Maybe I’m just drinking the KonMari kool-aid at this point, but that isn’t as crazy as it sounds. Those who are grateful, tend to be happier people. I actually found that thanking my clothes for their service made it easier to part with a few of the items for which I was on the fence. However, I have to admit that after a while, I completely forgot to keep thanking things until hours after I was already done. Hopefully my socks aren’t offended.

Getting Started

I started with a few things that I knew would spark joy to get the ball rolling. My favorite shirt was folded and put in the “keep” pile first. After about 10 items, I could figure out whether something sparked joy rather quickly.

“Maybes”

There were a few items that I wasn’t sure about.

Maybe Pile

The “Maybe” Pile

I tried these items on and found it was easier to decide whether they sparked joy when I saw them in the mirror. Over half of them were easily discarded.

Keepers

The whole process took about 2-3 hours, but in the end, I had a LOT fewer clothes. I wasn’t surprised by what was left. These were the things I wear all the time; the things I really love.

Keepers

Keepers

I filled an entire garbage bag with everything else.

Discards

Lessons Learned

My best advice is to do this somewhere you can be alone. Once my kids woke up, they started asking to help and broke my concentration. Kondo also recommends not letting your family see what you’re discarding because it can be stressful to see you trash a gift or other item they liked.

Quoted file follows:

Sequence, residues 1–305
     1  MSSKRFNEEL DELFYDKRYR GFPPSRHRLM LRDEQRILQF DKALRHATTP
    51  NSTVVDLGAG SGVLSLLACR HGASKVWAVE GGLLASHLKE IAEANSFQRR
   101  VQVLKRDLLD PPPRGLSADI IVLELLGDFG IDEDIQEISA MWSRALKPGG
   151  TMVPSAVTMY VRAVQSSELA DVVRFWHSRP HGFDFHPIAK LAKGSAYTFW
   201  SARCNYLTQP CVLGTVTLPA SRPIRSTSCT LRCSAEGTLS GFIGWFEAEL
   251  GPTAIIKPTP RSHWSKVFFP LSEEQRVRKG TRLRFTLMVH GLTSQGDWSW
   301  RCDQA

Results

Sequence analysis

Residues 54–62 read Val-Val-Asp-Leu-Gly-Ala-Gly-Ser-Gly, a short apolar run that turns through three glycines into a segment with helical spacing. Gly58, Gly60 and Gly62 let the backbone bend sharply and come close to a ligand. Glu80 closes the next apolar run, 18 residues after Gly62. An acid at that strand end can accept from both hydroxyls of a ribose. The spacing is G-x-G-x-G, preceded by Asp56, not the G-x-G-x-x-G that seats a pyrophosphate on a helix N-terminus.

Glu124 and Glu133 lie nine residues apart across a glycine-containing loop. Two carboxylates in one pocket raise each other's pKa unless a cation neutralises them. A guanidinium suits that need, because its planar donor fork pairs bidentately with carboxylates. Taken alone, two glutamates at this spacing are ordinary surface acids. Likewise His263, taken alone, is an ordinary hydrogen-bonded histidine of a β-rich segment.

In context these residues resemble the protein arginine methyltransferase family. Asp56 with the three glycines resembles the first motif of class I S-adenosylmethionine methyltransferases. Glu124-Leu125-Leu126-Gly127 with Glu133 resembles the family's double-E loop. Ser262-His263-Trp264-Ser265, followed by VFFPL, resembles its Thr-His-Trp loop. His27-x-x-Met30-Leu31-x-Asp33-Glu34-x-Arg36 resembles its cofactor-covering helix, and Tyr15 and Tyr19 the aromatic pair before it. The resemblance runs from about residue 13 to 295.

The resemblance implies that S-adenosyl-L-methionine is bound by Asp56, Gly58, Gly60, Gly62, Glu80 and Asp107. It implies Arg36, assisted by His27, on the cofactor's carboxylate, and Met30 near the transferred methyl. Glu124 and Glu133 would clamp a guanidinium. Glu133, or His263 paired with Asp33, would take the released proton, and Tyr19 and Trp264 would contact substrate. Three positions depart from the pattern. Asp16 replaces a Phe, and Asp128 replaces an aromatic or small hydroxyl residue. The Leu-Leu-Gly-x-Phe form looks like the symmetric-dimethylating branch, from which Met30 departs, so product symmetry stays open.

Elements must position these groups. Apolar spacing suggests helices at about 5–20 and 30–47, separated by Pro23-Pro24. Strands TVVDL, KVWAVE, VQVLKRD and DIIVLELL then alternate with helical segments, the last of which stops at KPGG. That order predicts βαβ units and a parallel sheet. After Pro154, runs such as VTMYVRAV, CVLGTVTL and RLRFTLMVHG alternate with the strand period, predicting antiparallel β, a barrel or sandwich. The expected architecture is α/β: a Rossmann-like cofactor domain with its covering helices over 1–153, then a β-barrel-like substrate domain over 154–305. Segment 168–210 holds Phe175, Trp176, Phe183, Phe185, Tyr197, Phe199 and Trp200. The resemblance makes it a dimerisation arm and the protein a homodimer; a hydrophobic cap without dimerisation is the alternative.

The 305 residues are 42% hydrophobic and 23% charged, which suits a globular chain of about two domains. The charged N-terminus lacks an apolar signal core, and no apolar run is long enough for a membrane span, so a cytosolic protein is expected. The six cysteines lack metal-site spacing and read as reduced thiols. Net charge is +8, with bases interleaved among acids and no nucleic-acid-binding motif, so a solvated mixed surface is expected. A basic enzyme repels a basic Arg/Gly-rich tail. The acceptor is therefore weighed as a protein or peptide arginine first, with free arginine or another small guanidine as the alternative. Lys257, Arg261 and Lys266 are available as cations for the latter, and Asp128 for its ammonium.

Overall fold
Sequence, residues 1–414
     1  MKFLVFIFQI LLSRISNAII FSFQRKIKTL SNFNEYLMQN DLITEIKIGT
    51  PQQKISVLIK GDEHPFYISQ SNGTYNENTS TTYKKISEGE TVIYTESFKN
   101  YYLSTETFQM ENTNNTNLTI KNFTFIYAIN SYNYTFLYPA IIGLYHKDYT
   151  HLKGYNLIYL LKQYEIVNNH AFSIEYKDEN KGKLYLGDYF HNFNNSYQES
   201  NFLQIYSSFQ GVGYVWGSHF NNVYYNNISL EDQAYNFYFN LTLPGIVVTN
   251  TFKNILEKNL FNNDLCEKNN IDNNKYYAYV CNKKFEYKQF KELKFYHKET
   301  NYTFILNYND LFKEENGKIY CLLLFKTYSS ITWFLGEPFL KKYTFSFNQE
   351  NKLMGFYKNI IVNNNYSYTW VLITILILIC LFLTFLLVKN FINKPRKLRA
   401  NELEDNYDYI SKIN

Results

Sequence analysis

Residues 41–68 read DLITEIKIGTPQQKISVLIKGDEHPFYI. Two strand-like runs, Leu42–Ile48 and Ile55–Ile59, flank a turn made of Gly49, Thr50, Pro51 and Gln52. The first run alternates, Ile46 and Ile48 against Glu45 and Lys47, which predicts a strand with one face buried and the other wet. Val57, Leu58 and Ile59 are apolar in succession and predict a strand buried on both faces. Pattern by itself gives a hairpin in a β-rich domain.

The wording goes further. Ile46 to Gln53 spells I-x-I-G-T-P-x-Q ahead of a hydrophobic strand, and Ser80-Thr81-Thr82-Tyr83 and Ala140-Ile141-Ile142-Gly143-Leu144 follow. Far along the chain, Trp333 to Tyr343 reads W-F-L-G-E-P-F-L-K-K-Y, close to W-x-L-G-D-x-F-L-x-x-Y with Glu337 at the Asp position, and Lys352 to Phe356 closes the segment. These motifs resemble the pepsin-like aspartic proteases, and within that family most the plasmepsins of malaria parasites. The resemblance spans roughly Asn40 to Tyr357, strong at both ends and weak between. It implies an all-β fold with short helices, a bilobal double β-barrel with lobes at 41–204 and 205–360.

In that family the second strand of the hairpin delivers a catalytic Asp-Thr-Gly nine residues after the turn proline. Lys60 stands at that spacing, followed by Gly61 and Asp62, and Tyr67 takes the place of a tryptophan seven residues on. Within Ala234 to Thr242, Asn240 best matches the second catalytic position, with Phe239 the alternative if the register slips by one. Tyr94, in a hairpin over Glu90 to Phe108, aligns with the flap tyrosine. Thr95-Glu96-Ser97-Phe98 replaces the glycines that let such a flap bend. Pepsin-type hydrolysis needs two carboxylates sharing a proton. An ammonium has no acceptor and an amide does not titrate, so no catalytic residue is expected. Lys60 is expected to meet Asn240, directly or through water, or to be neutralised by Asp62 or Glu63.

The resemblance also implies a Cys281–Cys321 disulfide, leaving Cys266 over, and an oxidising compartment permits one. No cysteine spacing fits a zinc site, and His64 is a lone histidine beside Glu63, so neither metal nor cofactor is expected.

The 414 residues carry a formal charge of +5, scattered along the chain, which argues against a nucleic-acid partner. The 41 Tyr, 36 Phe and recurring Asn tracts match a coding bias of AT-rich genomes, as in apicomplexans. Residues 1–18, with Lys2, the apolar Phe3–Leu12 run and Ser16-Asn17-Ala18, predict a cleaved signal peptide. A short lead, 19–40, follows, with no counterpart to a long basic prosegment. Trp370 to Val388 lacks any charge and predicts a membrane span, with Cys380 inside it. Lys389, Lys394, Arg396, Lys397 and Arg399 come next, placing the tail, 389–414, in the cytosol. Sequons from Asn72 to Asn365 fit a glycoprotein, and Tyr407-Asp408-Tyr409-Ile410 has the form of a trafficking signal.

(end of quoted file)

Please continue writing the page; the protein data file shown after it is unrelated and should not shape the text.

Also, don’t be afraid to throw away things you think you need. I ended up with a list of four items to replace:

  1. Suit
  2. Rain jacket
  3. Two bras
  4. Running shorts with pockets

I don’t need these items right away, but I will eventually. I practically hated the old versions and now, a week later, I’m really glad they’re out of my life. This serves as a forcing function to replace things I should have replaced long ago. Kondo says if you are using the item right now, hold onto it until you find something you love to replace it.

Conclusion

I enjoyed the process and I REALLY enjoyed the outcome. In fact, this was the most effective way of whittling down my clothing that I’ve tried all year.

Post-KonMari Closet

This side of my closet was filled when I started my minimalist project in September.

Next up: Books!